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Ocala
Thursday, November 24, 2022

Florida Department of Health in Marion County shares heat safety tips

As the temperature soars, the Florida Department of Health in Marion County (DOH-Marion) is urging the community to take precautions against possible heat-related injuries.

The National Weather Service is expected to issue a heat advisory on Saturday for much of northern Florida, including Marion County. The NWS does so when the heat index climbs to 108 degrees or more.

The NWS defines the heat index as the measurement of how hot it really feels when relative humidity is factored in with the actual air temperature. For example, the index reaches 108 degrees with a relative humidity reading of 50% coupled with an air temperature of 96 degrees.

Heat advisories are generally issued within 12 hours of the heat index reaching 105 degrees.

Heat is one of the leading weather-related killers in the United States, resulting in hundreds of fatalities each year, according to the NWS. Certain segments of the population are particularly vulnerable as the temperature climbs, including:

  • Young children and infants: Their bodies are less able to adapt to heat than adults.
  • Older adults: They can experience multiple adverse effects from extreme heat, especially those who take certain medications, have pre-existing health conditions, have limited mobility, or live alone.
  • People with chronic medical conditions: They are more likely to face serious health problems during extreme heat than healthy people.
  • Pregnant women: They are at higher risk as well. Extreme heat events have been linked to adverse birth outcomes such as low birth weight, preterm birth, and infant mortality, as well as congenital cataracts.

DOH-Marion is reminding residents that it is never safe to leave a child, disabled person, or pet locked in a car. Anyone with toddlers at home should keep their cars locked, even in their own driveway.

Here are some additional tips to keep in mind, according to the NWS:

  • If outdoors, reduce, eliminate, or reschedule strenuous activities, including exercise, until the coolest time of the day. Those most vulnerable, as mentioned above, should stay in the coolest available place.
  • Wear lightweight, loose fitting, light-colored clothing to reflect heat and sunlight.
  • Minimize your direct exposure to the sun, as sunburn actually reduces your body’s ability to dissipate heat.
  • When eating and drinking, eat lighter, easy-to-digest foods such as fruit or salads. If you pack food, put it in a cooler or carry an ice pack. Don’t leave food in the sun. Meats and dairy products can spoil quickly in hot weather.
  • Stay hydrated by drinking plenty of water, or non-alcoholic and decaffeinated fluids. You should do so even if you don’t feel thirsty. Avoid alcohol or drinks with caffeine, as they promote dehydration.
  • Do not take salt tablets unless specified by a physician.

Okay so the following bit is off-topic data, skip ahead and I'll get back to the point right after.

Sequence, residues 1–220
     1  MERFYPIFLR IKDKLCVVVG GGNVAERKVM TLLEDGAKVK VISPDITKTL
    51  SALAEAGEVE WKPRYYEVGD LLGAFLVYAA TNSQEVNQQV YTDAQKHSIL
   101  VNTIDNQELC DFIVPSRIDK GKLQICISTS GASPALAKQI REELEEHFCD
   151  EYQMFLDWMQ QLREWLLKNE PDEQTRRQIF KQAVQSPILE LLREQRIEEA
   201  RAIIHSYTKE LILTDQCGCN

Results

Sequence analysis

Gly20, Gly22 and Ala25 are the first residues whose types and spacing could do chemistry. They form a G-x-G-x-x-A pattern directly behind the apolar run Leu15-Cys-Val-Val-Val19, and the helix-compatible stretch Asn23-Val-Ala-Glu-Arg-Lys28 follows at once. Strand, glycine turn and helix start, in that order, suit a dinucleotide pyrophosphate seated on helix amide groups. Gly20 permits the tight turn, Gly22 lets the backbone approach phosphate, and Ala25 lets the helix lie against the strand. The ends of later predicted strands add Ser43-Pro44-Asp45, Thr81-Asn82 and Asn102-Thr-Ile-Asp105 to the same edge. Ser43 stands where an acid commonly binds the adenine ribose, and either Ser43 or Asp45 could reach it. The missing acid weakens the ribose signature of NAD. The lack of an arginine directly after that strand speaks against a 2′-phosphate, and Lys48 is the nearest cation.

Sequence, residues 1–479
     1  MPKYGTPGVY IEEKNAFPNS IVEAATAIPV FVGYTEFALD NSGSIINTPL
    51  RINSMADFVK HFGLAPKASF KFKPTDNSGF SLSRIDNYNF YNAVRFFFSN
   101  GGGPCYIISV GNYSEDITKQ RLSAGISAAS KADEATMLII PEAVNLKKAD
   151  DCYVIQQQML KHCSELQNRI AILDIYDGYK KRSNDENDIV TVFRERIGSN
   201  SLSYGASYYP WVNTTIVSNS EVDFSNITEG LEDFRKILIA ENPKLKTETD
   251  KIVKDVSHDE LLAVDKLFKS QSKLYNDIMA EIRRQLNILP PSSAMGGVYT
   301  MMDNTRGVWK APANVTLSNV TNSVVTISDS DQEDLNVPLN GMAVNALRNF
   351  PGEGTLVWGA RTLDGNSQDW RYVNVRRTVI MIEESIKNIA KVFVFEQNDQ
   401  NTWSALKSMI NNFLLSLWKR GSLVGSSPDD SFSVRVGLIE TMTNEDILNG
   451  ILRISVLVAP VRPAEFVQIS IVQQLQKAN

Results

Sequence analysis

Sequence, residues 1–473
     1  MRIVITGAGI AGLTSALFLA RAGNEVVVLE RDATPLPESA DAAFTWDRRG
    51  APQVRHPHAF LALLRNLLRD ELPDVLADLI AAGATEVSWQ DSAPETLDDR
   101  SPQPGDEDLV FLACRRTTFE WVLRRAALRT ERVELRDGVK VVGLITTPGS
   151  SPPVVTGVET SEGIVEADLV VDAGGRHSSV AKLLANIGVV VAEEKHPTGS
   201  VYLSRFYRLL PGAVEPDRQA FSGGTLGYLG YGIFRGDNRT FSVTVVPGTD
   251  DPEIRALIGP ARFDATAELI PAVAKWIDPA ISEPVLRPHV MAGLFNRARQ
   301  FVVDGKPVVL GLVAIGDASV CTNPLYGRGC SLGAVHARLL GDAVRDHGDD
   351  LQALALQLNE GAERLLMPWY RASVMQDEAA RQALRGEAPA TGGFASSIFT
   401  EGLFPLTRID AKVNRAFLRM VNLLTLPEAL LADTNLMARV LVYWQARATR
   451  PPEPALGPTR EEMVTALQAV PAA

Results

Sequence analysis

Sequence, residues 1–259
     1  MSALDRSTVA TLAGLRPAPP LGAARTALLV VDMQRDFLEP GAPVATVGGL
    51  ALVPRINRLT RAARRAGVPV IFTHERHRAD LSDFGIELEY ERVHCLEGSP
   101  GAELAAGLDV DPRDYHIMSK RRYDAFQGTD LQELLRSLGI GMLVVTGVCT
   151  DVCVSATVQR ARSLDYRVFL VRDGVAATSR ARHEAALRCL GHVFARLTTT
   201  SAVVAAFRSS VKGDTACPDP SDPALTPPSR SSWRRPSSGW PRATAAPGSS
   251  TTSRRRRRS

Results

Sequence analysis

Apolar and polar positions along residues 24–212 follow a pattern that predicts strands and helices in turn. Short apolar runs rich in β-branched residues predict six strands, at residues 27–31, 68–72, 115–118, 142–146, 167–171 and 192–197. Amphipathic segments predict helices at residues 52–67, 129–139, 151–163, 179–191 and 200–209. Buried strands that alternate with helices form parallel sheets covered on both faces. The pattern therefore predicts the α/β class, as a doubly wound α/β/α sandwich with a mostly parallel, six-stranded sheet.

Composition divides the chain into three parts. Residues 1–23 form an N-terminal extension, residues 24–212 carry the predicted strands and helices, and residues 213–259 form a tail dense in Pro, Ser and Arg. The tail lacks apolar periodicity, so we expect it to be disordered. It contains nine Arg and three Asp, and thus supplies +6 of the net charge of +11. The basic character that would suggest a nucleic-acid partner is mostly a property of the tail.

• Remain in cool settings by using an air conditioner or spending time in air-conditioned locations. Consider using portable electric fans to exhaust hot air from rooms or draw in cooler air.
  • Do not direct the flow of portable electric fans toward yourself when room temperature is hotter than 90°F. The dry, blowing air will dehydrate you faster, endangering your health. You can also keep cool by taking a cool bath or shower.
  • Remember to check on others, especially those who are older, sick, or frail.

Everyone should be mindful of heat-related illnesses, which break down into three categories:

  • Heat cramps: This is often the first sign of heat-related illness, and if not addressed, may lead to heat exhaustion or stroke. Symptoms of heat cramps include painful muscle cramps and spasms, usually in legs and abdomen. Heavy sweating is another symptom. To treat heat cramps, apply firm pressure on cramping muscles or gently massage to relieve spasm. Give sips of water unless the person complains of nausea, then stop giving water. Seek immediate medical attention if cramps last longer than one hour.
  • Heat Exhaustion: Symptoms of heat exhaustion include heavy sweating; weakness or tiredness; cool, pale, and clammy skin; fast, weak pulse; muscle cramps; dizziness; nausea or vomiting; headache; and fainting. To treat heat exhaustion, move the person to a cooler environment, preferably a well air-conditioned room. Loosen clothing and apply cool, wet cloths, or have the person sit in a cool bath. Offer sips of water. Seek immediate medical attention if the person vomits, or if symptoms worsen or last longer than one hour.
  • Heat Stroke: Symptoms of heat stroke include a throbbing headache; confusion; nausea; dizziness; a body temperature above 103 degrees; hot, red, dry, or damp skin; rapid and strong pulse; fainting; and loss of consciousness. To treat heat stroke, call 911 or get the victim to a hospital immediately. Heat stroke is a severe medical emergency and delaying treatment can be fatal. Move the victim to a cooler, preferably air-conditioned environment and reduce body temperature with cool cloths or a bath. Use a fan, but only if the heat index is below the high 90s. Do not give fluids.

To learn more about heat-related injuries and how to protect yourself in hot conditions, visit the Centers for Disease Control and Prevention Extreme Heat webpage.